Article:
Music critics were strongly opposed to the often jarring sound of synth music and felt that the electronically produced compilations lacked the ability to initiate an emotional response from the listener. As rock, and later pop, bands brought synth techniques into mainstream hits, synth use continued to grow at a slow and steady pace, but still remained a relatively unpopular as a stand-alone genre. Fans in the UK were the lone exception, and a loyal synth following across the pond has kept producers in the genre going for decades.
By 2010, however, the prevalence of synth music, and the degree to which it was featured in American hits began to surge again. Artists across the mainstream spectrum such as Beyoncé, Ke$ha, Jesse J, Katy Perry, and even Madonna all had chart-topping hits that relied in part on synth sounds. As music and TV audiences everywhere continue to embrace synth sounds, take on the challenge to try your hand at creating some synth beats.
If you think that creating synth music or working in the area of professional audio engineering may interest you, Broadview Entertainment Arts University has an Associate of Applied Science in Professional Audio Engineering degree that you can complete attending classes full-time in as little as 18 months. In this program, you will learn the exciting fundamentals of audio and visual production including acoustics, signal flow, music theory, and sound design. You will build on these basics and learn audio capture, editing, and mixing for both live and studio productions and will be able to earn your Pro-Tools Certification, an attractive additional to any audio engineering resume. Achieving your Pro-Tools Certification will ensure that you have a full understanding of the features of the program and know how to use them efficiently and effectively to achieve your desired result. Upon achieving certification, you will also have the option to have your name listed in the Avid Pro-Tools Certification database so that individuals seeking a certified audio engineer can locate your credentials.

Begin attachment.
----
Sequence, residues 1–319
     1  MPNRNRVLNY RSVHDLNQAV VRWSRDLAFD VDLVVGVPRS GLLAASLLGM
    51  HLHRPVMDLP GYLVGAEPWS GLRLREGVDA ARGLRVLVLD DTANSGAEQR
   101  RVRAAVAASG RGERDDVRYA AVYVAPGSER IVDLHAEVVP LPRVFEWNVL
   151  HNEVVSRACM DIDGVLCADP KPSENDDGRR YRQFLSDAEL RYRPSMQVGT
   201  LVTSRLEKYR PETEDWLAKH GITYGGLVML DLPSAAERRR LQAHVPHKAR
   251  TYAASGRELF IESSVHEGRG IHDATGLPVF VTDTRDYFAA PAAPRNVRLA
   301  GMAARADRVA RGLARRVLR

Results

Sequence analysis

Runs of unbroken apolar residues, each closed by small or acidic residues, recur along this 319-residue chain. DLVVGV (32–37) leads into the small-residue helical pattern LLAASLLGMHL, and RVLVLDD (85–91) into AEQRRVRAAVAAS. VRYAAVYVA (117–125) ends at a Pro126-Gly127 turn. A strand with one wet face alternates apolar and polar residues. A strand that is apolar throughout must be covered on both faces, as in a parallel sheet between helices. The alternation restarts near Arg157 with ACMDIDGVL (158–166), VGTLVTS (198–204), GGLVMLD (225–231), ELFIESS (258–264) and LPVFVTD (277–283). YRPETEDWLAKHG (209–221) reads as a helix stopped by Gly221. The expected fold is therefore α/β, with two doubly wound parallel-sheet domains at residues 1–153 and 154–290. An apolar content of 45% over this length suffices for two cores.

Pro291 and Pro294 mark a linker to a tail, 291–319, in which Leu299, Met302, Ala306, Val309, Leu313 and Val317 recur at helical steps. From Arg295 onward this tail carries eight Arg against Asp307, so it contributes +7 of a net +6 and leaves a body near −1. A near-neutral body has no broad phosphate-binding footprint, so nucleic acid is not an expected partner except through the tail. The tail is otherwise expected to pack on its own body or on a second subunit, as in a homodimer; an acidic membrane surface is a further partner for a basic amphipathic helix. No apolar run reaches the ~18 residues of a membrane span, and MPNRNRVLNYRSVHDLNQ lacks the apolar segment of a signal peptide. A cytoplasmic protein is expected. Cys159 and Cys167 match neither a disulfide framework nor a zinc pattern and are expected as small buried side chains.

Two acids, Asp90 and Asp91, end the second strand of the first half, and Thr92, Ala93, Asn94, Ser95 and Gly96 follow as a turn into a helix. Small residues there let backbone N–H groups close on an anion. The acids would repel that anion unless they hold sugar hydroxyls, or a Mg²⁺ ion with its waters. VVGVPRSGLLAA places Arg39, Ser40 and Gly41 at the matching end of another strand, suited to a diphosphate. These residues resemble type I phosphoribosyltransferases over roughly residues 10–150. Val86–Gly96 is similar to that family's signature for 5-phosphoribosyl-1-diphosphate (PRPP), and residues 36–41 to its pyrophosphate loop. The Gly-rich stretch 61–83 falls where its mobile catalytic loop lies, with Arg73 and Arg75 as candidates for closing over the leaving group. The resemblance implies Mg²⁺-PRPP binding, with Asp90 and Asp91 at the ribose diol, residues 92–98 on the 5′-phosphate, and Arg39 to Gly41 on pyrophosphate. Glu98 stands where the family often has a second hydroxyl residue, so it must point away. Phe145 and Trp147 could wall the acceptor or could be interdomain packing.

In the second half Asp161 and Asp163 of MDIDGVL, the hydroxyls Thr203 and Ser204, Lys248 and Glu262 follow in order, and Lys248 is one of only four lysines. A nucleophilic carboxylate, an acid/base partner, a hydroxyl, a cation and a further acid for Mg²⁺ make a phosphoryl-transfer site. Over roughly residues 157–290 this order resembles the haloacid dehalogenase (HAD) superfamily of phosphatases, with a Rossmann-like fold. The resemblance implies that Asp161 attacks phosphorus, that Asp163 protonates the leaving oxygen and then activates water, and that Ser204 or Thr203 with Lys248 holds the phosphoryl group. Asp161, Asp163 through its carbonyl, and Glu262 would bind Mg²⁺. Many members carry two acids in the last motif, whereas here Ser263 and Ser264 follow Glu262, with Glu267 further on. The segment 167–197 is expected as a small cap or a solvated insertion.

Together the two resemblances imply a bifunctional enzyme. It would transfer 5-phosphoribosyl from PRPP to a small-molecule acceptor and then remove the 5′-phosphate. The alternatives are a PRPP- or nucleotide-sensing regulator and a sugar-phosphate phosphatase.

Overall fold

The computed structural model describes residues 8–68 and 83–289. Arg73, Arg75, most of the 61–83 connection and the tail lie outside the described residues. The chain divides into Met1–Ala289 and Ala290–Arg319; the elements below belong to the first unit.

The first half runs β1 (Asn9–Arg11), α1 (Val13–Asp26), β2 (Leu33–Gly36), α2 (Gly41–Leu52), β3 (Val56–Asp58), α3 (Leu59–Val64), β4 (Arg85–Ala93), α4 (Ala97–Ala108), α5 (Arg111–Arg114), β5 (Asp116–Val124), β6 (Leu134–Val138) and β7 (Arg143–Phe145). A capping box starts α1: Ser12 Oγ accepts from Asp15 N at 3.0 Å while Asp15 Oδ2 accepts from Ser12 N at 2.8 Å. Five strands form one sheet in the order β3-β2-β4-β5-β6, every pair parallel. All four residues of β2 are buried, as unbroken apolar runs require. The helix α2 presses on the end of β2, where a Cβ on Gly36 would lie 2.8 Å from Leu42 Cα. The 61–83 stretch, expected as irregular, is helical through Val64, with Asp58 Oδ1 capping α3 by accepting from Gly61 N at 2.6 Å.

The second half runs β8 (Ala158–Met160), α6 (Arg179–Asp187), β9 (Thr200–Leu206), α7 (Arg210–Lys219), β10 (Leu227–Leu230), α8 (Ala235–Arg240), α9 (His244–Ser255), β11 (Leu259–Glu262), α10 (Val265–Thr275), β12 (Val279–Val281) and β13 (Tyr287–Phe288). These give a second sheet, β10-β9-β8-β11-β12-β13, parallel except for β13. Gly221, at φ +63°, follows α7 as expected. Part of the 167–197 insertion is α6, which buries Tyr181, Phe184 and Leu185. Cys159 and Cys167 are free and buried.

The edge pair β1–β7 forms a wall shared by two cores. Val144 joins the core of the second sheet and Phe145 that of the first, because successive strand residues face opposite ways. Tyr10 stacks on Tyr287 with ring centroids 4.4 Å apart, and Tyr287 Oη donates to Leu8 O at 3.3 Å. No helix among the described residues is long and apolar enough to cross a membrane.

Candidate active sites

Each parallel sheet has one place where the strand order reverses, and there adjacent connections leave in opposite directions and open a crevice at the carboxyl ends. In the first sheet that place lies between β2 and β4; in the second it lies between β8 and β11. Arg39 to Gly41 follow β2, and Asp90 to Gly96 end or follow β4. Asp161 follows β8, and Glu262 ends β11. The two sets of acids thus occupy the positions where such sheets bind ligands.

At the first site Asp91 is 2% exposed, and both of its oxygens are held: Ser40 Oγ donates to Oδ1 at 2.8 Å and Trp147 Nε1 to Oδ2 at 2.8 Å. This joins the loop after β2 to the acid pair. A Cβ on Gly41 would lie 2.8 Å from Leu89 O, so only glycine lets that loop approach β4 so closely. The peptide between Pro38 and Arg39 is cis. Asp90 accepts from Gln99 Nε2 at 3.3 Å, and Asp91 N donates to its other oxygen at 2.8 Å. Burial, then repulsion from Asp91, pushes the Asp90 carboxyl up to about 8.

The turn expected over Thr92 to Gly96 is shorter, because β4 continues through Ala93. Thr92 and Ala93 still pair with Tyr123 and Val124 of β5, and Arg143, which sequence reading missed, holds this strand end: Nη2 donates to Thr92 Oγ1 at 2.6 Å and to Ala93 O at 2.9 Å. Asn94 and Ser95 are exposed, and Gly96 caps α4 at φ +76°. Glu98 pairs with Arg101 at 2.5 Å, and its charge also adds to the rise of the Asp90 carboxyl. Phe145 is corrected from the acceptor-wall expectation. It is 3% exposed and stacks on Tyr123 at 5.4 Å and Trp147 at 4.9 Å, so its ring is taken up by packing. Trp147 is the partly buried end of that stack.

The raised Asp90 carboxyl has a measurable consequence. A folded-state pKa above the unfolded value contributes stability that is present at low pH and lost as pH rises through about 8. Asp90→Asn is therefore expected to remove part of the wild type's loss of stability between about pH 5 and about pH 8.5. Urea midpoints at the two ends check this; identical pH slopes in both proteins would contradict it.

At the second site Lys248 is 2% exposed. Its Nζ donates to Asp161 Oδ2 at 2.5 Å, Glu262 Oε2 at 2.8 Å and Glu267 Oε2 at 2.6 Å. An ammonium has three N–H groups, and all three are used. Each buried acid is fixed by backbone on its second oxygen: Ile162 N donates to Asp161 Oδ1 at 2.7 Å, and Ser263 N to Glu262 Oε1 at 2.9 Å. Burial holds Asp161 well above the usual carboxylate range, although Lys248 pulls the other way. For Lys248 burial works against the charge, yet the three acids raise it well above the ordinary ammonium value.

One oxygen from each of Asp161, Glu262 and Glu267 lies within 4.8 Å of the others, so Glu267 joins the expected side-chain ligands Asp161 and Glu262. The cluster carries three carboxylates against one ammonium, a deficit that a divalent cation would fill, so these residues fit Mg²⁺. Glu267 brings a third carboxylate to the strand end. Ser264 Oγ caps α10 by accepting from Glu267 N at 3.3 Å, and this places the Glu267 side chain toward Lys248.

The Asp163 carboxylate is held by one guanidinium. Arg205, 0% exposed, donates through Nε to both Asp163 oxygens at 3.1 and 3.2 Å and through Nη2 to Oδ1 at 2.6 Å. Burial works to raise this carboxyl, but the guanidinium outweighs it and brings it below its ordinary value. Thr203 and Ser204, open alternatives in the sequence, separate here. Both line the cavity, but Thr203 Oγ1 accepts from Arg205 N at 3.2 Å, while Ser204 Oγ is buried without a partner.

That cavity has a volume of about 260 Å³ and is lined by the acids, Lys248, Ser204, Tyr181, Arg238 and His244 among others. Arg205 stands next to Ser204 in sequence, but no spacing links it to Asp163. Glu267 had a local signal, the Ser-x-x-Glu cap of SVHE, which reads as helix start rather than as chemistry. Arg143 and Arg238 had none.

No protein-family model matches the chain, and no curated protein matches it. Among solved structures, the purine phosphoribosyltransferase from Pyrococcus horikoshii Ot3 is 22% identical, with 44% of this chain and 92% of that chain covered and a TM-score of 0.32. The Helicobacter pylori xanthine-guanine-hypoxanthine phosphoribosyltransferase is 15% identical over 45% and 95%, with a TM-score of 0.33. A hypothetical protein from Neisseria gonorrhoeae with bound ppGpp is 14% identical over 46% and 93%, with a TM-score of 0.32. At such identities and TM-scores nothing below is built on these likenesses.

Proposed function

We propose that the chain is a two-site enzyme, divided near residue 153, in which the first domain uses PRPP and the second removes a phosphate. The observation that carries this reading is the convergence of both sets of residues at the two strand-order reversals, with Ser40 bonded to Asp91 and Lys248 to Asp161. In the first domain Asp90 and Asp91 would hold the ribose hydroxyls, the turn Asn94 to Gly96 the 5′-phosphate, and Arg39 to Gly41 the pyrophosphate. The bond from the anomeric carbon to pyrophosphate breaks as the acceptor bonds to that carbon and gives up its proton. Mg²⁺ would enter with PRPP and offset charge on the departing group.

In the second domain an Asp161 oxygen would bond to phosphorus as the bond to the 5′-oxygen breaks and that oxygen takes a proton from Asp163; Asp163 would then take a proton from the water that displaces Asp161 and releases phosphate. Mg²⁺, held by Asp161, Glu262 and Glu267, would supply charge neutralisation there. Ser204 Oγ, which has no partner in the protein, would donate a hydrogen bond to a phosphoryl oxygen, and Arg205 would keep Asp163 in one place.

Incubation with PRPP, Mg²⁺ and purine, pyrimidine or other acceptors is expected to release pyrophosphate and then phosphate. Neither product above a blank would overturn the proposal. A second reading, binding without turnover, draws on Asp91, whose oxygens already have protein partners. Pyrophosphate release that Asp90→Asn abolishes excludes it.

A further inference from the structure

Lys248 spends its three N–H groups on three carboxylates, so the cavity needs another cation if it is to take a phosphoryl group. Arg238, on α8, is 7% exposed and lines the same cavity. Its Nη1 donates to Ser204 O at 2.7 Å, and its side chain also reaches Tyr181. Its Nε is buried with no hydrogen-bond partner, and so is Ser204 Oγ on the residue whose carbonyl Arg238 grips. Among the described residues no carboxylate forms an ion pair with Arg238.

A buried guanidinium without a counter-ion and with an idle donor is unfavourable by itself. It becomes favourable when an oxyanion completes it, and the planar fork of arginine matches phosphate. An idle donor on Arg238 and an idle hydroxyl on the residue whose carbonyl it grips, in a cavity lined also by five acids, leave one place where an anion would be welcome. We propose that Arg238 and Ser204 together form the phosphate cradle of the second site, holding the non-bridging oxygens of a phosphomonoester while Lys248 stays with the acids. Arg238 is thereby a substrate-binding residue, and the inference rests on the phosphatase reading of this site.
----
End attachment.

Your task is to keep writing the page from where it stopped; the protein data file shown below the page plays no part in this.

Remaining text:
As a student in BEAU’s Audio Engineering program, you will also get the opportunity to take courses in entertainment business and digital audio workstations. When you graduate, you will be prepared to hit the ground running and to use a digital audio workstation to create, capture, edit, process, and mix sound. Time will be spent developing your skill in producing and curating your professional industry portfolio and ensuring you have functional web presence, an industry expectation for media professionals. With a robust, industry-targeted program like BEAU’s Associate of Applied Science program in Professional Audio Engineering, you can learn a unique skill that allows you to use your creativity on a daily basis.
If you are interested in more information regarding this program or any other degree program at BEAU, contact an admissions counselor.